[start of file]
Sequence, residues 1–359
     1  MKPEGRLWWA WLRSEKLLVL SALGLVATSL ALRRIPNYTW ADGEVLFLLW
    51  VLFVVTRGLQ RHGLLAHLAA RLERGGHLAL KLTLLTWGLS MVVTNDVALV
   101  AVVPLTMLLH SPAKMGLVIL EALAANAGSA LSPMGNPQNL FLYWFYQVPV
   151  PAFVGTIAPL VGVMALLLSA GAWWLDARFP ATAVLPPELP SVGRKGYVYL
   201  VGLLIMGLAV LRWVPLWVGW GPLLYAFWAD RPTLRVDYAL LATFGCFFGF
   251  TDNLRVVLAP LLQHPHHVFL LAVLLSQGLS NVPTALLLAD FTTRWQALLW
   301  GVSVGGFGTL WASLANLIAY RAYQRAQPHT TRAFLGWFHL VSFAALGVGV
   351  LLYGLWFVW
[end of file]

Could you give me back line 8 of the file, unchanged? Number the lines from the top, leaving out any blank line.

   301  GVSVGGFGTL WASLANLIAY RAYQRAQPHT TRAFLGWFHL VSFAALGVGV